A record number of 317 1st year students from DEIS (Delivering Equality of Opportunity in Schools) institutions has been announced by UCD. This marks a 7.4% increase on the 2019 rate of 271 students coming from 103 DEIS schools.
These increases coincide with the introduction of an additional 323 1st year places in response to “points inflation pressure” caused by the use of predicted grades for the Leaving Certificate class of 2020.
UCD Deputy President and Registrar, Professor Mark Rogers has welcomed the development, commenting that: “We are always interested in encouraging students from non-traditional feeder schools, especially DEIS schools such as the Community School, Balrothery, Tallaght, which this year sent ten students to UCD, up from four in 2019 and Mount Carmel, Kings Inns St, Dublin 1, which sent five students to us this year, up from one last year. And that, “Back in 2017, 5.8% of first years came from DEIS schools and we are very pleased to welcome and support these students. There are now 103 DEIS schools sending students to UCD.”
NUI Maynooth has registered 16.5% of incoming 1st year students as coming from DEIS schools while Dundalk IT recorded 24.5% and IT Letterkenny allocated 46.8% of its first-year undergraduate places to DEIS students.
Over 25% of those who secured a place in UCD (1000) and Trinity College Dublin (638) in 2020 studied for their Leaving Certificate in a fee-paying school.
These increases broadly follow national trends with the Irish Times reporting a record number of 63.5% of DEIS students progressing to third-level institutions this year, an improvement on last year’s progression rate of 57%. However, social class and attendance at private fee-paying schools still account for the majority of incoming 1st year students, with fee-charging schools making up nearly half of the 20 schools with the highest progression rates to high-points courses.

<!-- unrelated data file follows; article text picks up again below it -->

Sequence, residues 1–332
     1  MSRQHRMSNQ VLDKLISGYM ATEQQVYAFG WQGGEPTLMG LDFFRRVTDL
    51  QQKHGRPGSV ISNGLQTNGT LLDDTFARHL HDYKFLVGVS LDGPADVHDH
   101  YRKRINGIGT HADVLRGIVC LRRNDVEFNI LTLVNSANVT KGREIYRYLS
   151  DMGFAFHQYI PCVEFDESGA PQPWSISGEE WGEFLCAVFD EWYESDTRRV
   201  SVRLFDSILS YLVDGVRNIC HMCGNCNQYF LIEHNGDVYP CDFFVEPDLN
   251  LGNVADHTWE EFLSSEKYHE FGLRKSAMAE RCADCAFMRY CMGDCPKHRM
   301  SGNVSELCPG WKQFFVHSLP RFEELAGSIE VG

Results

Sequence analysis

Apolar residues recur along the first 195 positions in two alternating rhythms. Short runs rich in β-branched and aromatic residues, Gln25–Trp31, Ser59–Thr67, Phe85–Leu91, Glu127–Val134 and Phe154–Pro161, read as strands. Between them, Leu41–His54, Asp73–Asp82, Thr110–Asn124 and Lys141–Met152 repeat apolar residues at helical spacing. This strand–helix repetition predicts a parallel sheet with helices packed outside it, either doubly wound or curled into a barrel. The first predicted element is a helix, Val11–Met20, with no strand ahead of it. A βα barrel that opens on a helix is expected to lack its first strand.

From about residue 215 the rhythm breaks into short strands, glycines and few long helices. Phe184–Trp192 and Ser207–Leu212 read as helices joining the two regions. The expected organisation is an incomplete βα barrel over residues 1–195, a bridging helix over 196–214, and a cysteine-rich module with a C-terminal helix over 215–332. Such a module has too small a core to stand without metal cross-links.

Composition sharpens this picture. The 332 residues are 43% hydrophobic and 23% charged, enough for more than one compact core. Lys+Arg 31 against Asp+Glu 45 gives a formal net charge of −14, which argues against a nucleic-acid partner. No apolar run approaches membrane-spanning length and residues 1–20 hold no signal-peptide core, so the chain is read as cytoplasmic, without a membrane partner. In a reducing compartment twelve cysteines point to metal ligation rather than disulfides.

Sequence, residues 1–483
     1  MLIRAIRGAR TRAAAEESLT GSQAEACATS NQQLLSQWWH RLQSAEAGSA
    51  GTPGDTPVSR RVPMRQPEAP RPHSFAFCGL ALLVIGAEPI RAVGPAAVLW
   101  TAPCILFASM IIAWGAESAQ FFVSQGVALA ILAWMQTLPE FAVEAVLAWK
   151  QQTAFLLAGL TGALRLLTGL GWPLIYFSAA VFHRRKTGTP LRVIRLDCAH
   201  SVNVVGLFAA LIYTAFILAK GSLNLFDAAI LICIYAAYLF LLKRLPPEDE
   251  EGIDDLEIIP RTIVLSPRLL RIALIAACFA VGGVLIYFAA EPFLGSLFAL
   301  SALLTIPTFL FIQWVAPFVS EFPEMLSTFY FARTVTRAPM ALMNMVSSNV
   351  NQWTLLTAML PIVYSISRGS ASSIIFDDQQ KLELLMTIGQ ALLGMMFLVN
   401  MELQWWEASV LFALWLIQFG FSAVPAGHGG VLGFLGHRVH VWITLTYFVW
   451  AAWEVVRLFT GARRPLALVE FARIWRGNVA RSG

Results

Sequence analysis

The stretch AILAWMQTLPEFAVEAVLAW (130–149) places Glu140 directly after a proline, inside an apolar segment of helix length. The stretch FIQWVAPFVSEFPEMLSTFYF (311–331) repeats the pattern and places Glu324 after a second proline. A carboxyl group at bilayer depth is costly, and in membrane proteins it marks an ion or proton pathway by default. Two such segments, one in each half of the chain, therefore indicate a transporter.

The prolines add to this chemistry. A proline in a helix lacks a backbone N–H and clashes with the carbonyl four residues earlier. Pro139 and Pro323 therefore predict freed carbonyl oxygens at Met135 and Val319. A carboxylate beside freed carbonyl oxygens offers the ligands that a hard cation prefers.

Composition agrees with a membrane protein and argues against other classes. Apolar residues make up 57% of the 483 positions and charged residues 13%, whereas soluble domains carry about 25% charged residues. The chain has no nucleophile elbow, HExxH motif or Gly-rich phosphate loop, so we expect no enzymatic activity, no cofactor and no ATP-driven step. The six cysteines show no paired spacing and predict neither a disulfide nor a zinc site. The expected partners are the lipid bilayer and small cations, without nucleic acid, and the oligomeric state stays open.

Indeed, over 25% of those who secured a place in UCD (1000) and Trinity College Dublin (638) in 2020 studied for their Leaving Certificate in a fee-paying school. Disparities also persist in the demographic composition of high-points courses. In 2019, it was revealed that despite “affluent” persons forming only 15% of the national population, they were disproportionately represented in courses such as medicine where more than 1 in 3 students was from such a background.
Commenting on this issue in 2019, then UCD Students’ Union President Joanna Siswierska remarked that, “This is a systemic issue and a question of social justice for all of us in society – why do we allow a system to remain in place which perpetuates this kind of inequality? Education should enable access to a better life and standard of living and the aim should be to reduce inequalities, which reduces pressures in society and benefits everyone.”
Overall, DEIS schools have benefited from the introduction of the predicted grades system with marked increases on progression rates in comparison to previous years. However, it is unclear whether this rate will be sustained into the future as the Government has signalled its intent to return to traditional examinations in 2021.
Rowan Kelleher – Assistant News Editor